Williams surveys ten thousand years of history to trace how, why, and when human-induced deforestation has shaped economies, societies, and landscapes around the world. Beginning with the return of the forests to Europe, North America, and the tropics after the Ice Ages, Williams traces the impact of human-set fires for gathering and hunting, land clearing for agriculture, and other activities from the Paleolithic through the classical world and the Middle Ages. He then continues the story from the 1500s to the early 1900s, focusing on forest clearing both within Europe and by European imperialists and industrialists abroad, in such places as the New World and India, China, Japan, and Latin America. Finally, he covers the present-day alarming escalation of deforestation, with the ever-increasing human population placing a possibly unsupportable burden on the world's forests.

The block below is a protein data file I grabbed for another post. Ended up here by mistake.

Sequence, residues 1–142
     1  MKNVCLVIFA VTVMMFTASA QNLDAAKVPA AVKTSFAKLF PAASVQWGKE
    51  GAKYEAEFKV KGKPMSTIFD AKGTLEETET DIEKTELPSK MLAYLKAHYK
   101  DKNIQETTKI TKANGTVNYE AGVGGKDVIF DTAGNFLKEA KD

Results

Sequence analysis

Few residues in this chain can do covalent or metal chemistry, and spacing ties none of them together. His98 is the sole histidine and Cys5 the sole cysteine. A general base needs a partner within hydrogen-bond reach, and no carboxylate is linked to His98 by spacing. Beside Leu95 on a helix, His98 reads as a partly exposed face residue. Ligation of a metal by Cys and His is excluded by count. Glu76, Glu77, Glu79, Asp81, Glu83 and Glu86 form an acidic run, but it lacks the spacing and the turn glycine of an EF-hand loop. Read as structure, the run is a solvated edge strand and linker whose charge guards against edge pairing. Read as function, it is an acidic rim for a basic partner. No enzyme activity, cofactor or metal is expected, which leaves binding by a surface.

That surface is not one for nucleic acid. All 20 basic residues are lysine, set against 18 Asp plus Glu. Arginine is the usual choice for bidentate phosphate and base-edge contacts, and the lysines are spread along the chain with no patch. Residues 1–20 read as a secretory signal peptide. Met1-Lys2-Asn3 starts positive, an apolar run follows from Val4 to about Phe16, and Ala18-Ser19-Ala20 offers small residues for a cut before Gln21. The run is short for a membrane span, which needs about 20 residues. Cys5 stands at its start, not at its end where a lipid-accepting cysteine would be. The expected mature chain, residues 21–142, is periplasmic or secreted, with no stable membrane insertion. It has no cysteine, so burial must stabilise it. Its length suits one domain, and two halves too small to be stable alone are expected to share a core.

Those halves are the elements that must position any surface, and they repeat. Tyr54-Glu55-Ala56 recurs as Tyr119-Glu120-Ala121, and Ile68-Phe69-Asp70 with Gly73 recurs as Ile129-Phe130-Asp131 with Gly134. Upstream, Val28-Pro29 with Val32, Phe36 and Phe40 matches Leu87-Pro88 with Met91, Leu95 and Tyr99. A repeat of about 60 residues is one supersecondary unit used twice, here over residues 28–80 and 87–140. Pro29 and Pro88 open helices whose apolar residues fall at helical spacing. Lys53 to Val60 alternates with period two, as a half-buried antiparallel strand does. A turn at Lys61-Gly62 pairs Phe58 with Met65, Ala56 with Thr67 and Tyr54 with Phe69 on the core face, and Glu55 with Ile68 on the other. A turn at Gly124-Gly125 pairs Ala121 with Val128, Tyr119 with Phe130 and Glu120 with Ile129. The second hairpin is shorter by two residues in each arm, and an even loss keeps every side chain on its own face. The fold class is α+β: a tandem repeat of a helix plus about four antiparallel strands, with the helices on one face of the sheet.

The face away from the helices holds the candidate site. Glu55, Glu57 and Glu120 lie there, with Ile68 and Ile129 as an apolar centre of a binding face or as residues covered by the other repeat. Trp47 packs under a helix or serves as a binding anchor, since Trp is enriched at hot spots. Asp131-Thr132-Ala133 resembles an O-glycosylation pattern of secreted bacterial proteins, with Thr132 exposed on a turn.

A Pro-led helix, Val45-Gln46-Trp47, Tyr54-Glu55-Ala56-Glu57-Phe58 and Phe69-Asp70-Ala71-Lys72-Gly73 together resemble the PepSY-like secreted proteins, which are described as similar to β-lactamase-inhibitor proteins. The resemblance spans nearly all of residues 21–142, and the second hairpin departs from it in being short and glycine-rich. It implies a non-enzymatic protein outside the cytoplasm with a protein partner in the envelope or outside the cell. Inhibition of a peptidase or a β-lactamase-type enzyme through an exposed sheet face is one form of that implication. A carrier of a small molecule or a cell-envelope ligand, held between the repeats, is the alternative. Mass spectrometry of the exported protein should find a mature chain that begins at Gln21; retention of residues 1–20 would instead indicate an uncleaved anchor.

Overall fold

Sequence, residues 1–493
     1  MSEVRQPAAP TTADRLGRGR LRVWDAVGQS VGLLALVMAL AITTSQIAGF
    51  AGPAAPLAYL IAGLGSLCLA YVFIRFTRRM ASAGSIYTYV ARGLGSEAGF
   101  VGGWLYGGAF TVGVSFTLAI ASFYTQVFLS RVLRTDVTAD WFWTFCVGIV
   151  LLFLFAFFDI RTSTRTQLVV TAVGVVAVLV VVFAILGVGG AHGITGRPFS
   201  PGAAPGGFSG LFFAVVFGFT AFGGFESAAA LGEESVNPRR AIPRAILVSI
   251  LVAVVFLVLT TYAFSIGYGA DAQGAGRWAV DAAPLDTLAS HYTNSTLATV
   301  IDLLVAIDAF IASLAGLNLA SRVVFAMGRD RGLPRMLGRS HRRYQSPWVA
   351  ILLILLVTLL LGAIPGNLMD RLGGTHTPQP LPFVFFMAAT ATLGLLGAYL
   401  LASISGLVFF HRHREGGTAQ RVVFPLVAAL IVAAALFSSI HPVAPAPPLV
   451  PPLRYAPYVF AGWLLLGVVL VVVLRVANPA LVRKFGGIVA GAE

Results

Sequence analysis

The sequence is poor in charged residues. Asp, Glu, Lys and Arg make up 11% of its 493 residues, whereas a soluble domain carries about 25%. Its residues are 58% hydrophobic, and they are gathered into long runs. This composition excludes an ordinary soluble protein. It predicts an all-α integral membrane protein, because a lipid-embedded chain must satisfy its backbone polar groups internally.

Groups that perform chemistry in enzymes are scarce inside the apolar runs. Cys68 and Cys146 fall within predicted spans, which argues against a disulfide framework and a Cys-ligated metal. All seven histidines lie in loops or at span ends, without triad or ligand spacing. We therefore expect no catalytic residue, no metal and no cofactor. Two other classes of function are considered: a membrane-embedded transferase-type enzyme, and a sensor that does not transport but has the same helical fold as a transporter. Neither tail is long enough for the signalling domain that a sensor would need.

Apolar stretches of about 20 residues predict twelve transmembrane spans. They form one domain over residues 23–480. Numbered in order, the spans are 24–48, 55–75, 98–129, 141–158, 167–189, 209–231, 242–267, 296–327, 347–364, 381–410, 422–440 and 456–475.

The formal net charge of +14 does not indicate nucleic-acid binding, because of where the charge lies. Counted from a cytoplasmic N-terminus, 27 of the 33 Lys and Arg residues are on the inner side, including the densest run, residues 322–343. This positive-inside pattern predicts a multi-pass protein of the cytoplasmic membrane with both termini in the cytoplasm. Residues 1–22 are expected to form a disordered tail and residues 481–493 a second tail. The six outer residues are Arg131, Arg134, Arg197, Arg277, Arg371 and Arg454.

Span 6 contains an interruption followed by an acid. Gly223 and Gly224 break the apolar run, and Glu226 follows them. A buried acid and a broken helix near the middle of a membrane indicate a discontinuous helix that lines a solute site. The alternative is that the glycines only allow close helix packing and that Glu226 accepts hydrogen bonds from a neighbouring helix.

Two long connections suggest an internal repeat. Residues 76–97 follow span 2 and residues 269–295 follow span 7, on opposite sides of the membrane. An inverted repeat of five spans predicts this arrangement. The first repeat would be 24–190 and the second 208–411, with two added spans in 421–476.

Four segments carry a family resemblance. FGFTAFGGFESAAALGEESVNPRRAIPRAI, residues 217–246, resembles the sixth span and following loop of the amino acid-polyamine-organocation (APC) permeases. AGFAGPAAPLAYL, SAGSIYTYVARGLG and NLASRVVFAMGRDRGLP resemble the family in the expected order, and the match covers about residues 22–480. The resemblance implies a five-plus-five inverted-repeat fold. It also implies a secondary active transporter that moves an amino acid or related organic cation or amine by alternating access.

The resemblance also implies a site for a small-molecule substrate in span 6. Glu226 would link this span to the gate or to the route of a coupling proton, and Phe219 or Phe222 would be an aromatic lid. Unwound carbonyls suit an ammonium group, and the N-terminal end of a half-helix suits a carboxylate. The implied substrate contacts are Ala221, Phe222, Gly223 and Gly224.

Michael Williams is professor of geography and the environment at the University of Oxford and a Fellow of Oriel College. He is the author, most recently, of Americans and Their Forests: A Historical Geography as well as the editor of Wetlands: A Threatened Landscape and coeditor of A Century of British Geography.
"The most comprehensive account ever written of when, where, and how humans have wrought what is surely the most dramatic change in Earth's surface since the end of the Pleistocene [...] The book is not simply about deforestation but about every aspect of human use of the forest and the forces that drive this use."
– Brian Donahue, Science
"A majestic work of scholarship. It will become instantly one of those classic studies that every bibliography in the field must include."
– Stephen J Pyne, author of Fire: A Brief History